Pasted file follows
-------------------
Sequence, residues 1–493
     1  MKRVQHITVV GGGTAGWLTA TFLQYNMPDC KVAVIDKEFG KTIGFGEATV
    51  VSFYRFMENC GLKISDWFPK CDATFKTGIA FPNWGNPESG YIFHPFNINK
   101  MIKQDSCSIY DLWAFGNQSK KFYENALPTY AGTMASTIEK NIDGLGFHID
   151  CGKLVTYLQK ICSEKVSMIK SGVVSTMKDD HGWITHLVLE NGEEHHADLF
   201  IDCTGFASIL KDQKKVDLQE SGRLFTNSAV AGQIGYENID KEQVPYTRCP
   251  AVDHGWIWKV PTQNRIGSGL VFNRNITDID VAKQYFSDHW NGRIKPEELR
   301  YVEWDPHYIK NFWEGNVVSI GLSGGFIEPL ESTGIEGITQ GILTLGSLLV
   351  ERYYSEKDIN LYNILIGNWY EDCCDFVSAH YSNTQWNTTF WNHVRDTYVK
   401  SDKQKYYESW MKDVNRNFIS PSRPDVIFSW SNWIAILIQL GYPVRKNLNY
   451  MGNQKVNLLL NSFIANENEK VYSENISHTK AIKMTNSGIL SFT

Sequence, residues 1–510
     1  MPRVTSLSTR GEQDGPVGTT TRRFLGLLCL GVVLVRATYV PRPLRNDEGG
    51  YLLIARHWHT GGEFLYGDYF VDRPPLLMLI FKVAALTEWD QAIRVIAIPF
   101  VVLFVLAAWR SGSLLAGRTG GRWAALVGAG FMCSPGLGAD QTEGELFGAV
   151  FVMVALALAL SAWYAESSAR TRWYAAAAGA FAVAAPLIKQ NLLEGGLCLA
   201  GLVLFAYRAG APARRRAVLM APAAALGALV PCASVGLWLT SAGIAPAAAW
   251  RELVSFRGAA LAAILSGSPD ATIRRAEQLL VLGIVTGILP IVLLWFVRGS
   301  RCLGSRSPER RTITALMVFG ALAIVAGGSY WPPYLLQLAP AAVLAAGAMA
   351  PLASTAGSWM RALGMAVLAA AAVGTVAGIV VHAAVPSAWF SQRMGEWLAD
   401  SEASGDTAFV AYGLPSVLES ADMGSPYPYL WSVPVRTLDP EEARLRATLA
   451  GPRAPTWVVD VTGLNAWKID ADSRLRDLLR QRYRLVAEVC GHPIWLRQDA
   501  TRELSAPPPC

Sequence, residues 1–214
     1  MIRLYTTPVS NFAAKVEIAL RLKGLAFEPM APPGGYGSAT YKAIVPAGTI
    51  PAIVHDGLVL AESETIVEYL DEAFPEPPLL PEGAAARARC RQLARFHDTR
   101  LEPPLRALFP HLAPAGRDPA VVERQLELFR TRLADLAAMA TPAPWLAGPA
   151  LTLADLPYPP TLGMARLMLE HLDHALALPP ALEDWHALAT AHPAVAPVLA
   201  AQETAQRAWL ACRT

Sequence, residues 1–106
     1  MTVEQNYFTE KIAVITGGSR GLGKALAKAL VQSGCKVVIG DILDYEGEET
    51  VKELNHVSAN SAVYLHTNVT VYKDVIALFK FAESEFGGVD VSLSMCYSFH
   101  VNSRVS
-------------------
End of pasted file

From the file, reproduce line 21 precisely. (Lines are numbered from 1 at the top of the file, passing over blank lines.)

   401  SEASGDTAFV AYGLPSVLES ADMGSPYPYL WSVPVRTLDP EEARLRATLA